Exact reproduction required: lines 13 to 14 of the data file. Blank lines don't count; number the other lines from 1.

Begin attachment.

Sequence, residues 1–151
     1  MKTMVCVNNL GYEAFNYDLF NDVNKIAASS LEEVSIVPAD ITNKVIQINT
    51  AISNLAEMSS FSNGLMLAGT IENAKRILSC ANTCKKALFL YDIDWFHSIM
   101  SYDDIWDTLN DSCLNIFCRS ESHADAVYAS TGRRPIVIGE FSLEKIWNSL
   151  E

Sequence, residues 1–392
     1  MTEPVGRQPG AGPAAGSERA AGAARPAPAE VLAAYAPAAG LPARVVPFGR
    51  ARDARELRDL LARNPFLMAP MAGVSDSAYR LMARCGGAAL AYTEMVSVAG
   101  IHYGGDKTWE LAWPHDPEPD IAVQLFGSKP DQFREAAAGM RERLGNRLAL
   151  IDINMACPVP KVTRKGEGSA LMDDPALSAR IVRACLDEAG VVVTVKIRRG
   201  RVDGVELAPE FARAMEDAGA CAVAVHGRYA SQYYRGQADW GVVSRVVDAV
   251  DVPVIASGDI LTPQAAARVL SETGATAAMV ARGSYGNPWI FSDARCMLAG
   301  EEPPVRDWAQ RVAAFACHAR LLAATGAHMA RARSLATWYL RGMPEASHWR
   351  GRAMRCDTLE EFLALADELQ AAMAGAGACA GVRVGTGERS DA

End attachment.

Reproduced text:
   301  EEPPVRDWAQ RVAAFACHAR LLAATGAHMA RARSLATWYL RGMPEASHWR
   351  GRAMRCDTLE EFLALADELQ AAMAGAGACA GVRVGTGERS DA